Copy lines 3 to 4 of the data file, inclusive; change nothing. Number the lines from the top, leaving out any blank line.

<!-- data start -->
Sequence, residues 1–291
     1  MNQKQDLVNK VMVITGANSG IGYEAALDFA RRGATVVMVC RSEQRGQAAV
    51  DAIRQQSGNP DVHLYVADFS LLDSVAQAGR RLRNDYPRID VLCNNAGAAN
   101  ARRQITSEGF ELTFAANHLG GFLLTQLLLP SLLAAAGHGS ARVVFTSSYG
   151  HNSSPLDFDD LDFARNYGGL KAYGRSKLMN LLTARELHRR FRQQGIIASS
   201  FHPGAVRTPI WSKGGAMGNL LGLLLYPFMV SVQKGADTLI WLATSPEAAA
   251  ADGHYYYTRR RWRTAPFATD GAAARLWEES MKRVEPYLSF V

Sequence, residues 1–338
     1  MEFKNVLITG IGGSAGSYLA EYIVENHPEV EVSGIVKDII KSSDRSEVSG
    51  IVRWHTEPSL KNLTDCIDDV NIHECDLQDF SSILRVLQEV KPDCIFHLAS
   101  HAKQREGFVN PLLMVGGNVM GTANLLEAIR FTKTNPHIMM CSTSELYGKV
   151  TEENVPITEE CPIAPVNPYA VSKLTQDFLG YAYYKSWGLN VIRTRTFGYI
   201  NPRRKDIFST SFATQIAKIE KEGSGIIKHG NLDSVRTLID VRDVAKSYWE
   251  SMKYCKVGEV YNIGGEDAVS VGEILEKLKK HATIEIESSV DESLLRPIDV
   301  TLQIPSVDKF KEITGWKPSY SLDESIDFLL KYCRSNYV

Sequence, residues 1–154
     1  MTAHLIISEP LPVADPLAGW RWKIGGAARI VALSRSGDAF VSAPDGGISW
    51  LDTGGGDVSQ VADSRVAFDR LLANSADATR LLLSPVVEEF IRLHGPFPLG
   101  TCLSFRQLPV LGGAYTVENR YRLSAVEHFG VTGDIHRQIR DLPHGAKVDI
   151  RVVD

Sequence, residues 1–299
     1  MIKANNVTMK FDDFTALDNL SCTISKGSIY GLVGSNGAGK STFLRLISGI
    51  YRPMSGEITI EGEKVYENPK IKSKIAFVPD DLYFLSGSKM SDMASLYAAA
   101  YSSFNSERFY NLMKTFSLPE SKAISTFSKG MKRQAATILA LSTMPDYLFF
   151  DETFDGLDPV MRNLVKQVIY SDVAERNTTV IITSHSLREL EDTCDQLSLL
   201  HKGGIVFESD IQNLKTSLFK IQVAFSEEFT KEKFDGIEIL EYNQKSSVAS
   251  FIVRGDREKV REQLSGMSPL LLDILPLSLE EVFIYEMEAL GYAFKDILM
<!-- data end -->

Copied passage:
    51  DAIRQQSGNP DVHLYVADFS LLDSVAQAGR RLRNDYPRID VLCNNAGAAN
   101  ARRQITSEGF ELTFAANHLG GFLLTQLLLP SLLAAAGHGS ARVVFTSSYG